One to One – Choice for women?


Winter 2014 ISSUE 143 Midwifery Matters 23

Jo Parkington is passionate about keeping One to One (North West) going, both for the benefit of women and to give midwives the opportunity of working as autonomous practitioners, working in partnership with parents rather than working as a cog in a system which regards them as obstetric nurses and sees doctors and hospitals as responsible for the birth of the next generation. One to One gives women the option of true continuity of care from their very own midwife – and on the NHS – this private company does not cater for private patients.

When the NHS opened up to competition from the private sector, Jo went down the limited company route because, back in 2011, it was the only way to obtain insurance, although now the service is insured via the NHSLA. Three years after One to One negotiated its first contract with Wirral PCT, Jo is still delighted to have broken the mould. This contract established One to One as an NHS provider, thus opening the door to providing services to other NHS commissioners. Whatever you think about the role of the private sector in the NHS, for maternity care this does seem to be one of the few ways of delivering the type of care that women really want.

Feelings run high in Greater Manchester. A few years ago the number of obstetric units was reduced from thirteen to eight and now there are moves afoot to reduce that number even further, while the hard fought for Salford midwife led unit is under threat. Maternity care provision is getting further and further away from the communities where women live. Some women in Greater Manchester have received ‘non-contract’ care with One to One but someone in the NHS hierarchy appears to be spreading alarm: the Manchester Evening News was leaked a story stating that One to One had cared for two mothers whose babies had died; the paper talked of stillbirths (not so) and that the private company was facing investigation. Facebook was awash with links to this story, spread around the Internet with no attempt to discover the truth behind the headlines. My heart sank. Was One to One going to go the way of the Albany, another gold standard midwifery service killed off five years ago by NHS doctors and managers, terrified of relinquishing control of birth to women and their midwives? I contacted Jo, could she cast some light on the situation?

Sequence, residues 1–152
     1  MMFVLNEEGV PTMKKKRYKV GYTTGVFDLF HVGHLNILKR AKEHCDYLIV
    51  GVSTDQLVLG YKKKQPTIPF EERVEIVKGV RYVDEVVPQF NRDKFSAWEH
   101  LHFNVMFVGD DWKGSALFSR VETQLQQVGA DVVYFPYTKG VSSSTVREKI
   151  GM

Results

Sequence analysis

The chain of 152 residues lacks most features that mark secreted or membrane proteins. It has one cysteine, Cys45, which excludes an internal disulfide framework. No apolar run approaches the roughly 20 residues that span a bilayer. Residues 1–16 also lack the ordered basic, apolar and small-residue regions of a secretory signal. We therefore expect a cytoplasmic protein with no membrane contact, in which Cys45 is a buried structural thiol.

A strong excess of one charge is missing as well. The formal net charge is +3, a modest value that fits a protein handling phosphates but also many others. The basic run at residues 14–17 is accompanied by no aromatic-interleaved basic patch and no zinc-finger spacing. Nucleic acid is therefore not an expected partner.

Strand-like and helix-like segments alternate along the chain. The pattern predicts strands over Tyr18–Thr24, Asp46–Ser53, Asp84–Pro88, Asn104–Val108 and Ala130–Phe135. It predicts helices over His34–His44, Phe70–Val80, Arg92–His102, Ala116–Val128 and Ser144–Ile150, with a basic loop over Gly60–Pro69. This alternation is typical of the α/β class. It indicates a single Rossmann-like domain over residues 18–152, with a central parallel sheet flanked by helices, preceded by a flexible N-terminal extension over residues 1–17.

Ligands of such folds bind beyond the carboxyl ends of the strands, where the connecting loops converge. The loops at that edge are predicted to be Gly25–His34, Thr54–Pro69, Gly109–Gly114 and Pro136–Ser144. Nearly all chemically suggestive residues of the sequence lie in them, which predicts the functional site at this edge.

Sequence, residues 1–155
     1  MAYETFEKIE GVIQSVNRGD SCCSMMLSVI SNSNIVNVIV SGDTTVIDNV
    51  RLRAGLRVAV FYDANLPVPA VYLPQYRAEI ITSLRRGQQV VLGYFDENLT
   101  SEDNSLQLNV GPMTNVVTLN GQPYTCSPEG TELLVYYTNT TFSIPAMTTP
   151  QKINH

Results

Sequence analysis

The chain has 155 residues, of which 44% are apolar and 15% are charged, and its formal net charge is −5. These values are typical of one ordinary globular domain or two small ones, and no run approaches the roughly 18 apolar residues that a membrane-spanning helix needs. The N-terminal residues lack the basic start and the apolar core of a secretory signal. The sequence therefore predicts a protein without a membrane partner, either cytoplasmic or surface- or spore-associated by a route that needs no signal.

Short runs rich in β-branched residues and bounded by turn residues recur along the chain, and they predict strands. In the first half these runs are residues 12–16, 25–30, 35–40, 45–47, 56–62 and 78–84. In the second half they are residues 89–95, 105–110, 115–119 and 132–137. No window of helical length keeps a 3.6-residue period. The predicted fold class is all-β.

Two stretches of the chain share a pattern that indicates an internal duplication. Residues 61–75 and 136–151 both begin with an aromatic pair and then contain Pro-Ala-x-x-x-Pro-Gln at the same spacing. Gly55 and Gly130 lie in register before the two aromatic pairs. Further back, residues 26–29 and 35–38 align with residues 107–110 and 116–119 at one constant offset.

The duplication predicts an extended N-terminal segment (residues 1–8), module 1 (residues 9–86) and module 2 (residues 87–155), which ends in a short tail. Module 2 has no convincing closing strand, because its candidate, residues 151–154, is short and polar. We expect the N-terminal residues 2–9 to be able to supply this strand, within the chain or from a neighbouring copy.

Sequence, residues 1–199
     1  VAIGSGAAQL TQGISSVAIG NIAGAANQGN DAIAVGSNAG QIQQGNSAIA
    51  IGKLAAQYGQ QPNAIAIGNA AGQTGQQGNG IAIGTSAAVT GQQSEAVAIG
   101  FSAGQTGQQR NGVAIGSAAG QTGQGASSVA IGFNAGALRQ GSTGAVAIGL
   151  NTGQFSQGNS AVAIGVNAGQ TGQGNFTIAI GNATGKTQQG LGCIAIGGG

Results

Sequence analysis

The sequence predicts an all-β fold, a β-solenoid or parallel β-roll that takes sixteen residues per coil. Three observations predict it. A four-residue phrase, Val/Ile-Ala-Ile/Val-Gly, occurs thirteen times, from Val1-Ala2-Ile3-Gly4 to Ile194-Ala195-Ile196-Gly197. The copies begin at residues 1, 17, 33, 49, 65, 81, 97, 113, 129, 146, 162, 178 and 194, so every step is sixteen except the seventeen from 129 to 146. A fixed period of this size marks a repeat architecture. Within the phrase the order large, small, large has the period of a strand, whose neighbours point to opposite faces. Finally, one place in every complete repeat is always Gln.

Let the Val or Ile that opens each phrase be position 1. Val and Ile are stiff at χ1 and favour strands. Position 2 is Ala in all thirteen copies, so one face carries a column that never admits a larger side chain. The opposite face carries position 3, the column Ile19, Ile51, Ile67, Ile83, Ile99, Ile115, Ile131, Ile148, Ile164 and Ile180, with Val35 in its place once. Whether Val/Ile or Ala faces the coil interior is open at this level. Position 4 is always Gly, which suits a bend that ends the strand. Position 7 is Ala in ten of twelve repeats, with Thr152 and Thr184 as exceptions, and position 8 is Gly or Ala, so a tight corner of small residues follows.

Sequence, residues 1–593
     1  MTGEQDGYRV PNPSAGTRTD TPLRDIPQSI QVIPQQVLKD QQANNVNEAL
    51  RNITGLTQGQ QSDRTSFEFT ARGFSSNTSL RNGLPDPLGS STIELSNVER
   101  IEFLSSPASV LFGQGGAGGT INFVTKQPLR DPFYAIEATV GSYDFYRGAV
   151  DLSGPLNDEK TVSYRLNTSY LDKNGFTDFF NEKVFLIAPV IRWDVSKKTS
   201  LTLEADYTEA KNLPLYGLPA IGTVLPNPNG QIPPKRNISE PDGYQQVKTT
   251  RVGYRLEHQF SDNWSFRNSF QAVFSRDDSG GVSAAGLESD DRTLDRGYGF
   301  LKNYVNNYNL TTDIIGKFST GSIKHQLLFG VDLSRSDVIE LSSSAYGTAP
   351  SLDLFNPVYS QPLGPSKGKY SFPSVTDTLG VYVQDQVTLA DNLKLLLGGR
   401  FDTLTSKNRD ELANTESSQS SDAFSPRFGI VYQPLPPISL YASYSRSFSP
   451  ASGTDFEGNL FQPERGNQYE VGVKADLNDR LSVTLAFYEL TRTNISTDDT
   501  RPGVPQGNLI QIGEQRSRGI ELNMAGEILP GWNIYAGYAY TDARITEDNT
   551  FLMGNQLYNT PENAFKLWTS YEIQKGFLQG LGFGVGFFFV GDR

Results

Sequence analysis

One to One had put a statement on their Facebook page giving a little more of the background – these deaths were not stillbirths. Jo confirmed that both babies had been born in hospital, one case was an early neonatal death and the other an infant death but the families didn’t want any more information in the public domain and she respected their wishes. The quality of midwifery care was not implicated in the deaths, she added, the families and the midwives were devastated. What about the investigation, I asked? Jo said that investigations into infant deaths were routine for all providers, any infant death in Greater Manchester was investigated, no matter who provided the care.

One to One is probably the best investigated midwifery service provider in the country. They have had five CQC investigations, three of which were unannounced, and two LSA audits. I looked at the CQC website. The results of the last two investigations are there for all to see, one coming through with flying colours, the other passing all but outcome 16, “quality checking systems to manage risks and to assure the health, welfare and safety of people who receive care”. The concerns of the CQC have since been addressed.